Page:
On Aug 19, Fairfax County Circuit Judge Randy Bellows rejected arguments put forward by lawyers for the Episcopal Church and Diocese of Virginia, which seeks to acquire control of property worth £20 million from the 11 CANA parishes. The national church had argued that contract law as codified in the US Constitution took precedence over state church property law. It also argued that an 1867 Virginia law that permitted congregations to quit their parent church with their property in the event of a schism was not applicable to the Episcopal Church.

Read it all in The Church of England Newspaper.

Court setback for Episcopal Church

Bishop warns that Wales is set to appoint a gay bishop: CEN 8.30.08 August 31, 2008

Posted by geoconger in CANA, Church in Wales, Church of England Newspaper, Human Sexuality --- The gay issue.
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An American bishop of the Convocation of Anglican Churches in North America has alleged that the Archbishop of Wales, Dr Barry Morgan, is seeking to place the Dean of St Albans, the Very Rev Jeffrey John (pictured) in the see of Bangor.

In an Aug 29 letter to members of the American Anglican Council (AAC) and CANA, the Rt Rev David Anderson said the Church in Wales would likely be the first province to break the Lambeth moratorium on gay bishops. “Wales is in an election process for Bishop of Bangor and the election has as one of its still-secret nominees none other than Jeffrey John,” Bishop Anderson said.

Read it all in The Church of England Newspaper.

Bishop warns that Wales is set to appoint a gay bishop

Episcopal Church launches lawsuits in California row: CEN 5.0908 p 6. May 11, 2008

Posted by geoconger in CANA, Church of England Newspaper, Property Litigation, San Joaquin, Virginia.
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The Episcopal Church’s legal battles entered a new phase last week, as lawyers for the national church filed suit in California against the Bishop and Diocese of San Joaquin in a bid to take control of its assets, while the Methodist Church sought to enter the fray in Virginia on behalf of the diocese.

Lawyers for the national church filed suit in a Fresno County Superior Court on April 24, seeking to transfer the assets of the diocese under the control of Bishop John-David Schofield based in Fresno to the new diocese based in Stockton created by Presiding Bishop Katharine Jefferts Schori under former Northern California Bishop Jerry Lamb.

“While it is regrettable that legal action is necessary, the diocese and The Episcopal Church have no other viable option but to seek the intervention of the court to recover the property and assets of the diocese,” said Bishop Lamb, the provisional Bishop of San Joaquin–Stockton

Last December, a supermajority of clergy and lay delegates at the San Joaquin-Fresno synod voted to quit the Episcopal Church and join the Province of the Southern Cone. Dioceses may not succeed from the Episcopal Church as “such actions are contrary to the Canons and Constitution of The Episcopal Church and the diocese,” the media Stockton diocese said.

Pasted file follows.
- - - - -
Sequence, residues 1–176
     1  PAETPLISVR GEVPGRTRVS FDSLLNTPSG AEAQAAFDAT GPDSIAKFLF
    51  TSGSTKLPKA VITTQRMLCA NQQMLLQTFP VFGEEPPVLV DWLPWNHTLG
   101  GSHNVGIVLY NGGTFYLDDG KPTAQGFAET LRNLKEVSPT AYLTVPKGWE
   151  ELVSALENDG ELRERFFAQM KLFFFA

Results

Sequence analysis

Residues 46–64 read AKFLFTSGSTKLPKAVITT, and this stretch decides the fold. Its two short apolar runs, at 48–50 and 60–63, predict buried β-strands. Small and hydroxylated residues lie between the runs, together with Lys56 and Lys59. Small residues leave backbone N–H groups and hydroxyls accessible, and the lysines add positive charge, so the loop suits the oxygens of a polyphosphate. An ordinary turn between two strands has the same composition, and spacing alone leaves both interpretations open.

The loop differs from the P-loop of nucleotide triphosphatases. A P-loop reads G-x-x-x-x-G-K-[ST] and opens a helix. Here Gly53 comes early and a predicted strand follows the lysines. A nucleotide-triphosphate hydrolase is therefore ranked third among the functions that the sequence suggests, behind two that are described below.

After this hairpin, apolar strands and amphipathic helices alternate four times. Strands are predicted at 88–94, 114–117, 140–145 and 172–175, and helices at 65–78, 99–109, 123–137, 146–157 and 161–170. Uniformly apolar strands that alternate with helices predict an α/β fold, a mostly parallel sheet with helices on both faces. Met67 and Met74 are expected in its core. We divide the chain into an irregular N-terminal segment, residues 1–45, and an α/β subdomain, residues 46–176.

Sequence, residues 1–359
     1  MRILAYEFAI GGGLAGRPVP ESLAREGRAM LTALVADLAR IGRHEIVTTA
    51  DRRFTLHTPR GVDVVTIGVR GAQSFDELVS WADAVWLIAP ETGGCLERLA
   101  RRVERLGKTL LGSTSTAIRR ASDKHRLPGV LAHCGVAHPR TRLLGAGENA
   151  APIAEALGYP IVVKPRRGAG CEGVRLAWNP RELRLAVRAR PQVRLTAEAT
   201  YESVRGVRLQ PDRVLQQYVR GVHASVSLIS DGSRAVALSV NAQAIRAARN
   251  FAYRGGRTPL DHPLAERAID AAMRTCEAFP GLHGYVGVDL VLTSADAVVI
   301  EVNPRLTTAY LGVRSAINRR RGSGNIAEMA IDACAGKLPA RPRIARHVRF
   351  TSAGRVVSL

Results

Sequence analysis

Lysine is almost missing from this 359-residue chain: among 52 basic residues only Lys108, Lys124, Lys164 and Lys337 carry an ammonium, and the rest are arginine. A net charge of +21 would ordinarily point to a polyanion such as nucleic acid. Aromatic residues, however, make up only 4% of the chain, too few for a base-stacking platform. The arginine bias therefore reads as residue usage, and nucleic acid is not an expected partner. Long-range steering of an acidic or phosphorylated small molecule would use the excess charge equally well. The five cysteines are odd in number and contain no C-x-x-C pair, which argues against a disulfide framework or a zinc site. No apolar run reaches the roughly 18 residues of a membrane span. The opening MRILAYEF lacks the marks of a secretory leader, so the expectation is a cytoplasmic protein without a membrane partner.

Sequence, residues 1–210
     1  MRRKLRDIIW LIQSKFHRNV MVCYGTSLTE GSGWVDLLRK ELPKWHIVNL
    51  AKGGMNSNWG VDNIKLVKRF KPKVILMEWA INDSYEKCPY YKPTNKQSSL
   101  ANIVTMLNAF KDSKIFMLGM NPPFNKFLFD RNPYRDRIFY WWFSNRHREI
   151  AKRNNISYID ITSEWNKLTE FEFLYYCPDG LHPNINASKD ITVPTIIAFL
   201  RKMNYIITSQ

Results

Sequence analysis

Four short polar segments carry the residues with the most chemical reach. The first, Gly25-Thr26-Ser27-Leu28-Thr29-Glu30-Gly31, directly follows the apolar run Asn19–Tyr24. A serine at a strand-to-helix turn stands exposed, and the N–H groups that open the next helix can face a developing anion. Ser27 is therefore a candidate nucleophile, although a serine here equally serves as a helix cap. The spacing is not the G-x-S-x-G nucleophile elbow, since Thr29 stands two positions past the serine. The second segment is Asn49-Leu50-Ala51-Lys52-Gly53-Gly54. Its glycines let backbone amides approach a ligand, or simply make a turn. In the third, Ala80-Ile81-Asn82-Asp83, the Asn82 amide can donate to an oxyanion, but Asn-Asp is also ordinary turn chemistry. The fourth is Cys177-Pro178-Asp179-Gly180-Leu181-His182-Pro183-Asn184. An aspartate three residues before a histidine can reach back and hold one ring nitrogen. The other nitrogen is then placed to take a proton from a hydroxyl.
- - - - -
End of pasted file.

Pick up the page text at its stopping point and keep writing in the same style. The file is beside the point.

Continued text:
Writing to the Fresno diocese, Bishop Schofield said, “please be assured that we have been expecting this litigation, and the contents contain no surprises,” adding that “in spite of the claims by The Episcopal Church, nothing in their current constitution and canons prohibits a diocese from leaving one province and moving to another.”

Bishop Schori’s handling of the San Joaquin affair has raised concerns. One group of bishops and church leaders commissioned a legal opinion on the validity of her actions from an international lawyer, who concluded she had committed 11 violations of canon law and should be brought to trial for abuse of office.

The Presiding Bishop issued a counter statement the same day, saying that her advisors had concluded that she had properly interpreted church canons. The Episcopal Church has no independent judiciary and has no way of reconciling opposing views save through political confrontations.

In Virginia the United Methodist Church on April 24 filed a brief in support of the national church and Diocese of Virginia against the breakaway congregations now grouped under the banner of CANA.

The Methodist Church argued that Virginia’s law granting congregations to withdraw from their parent churches in the case of schisms raised questions of the “appropriateness of the government’s intrusion into the freedom of any church body to organize and govern itself according to its own faith and doctrine.”

Virginia’s Attorney-General Robert McDowell in January filed a brief opposing the national Episcopal Church’s. A spokesman for the breakaway congregations, Jim Oakes, said the law, enacted in the wake of denominational splits following the American Civil War, was a tested and “reasonably neutral way for the state to adjudicate” the dispute.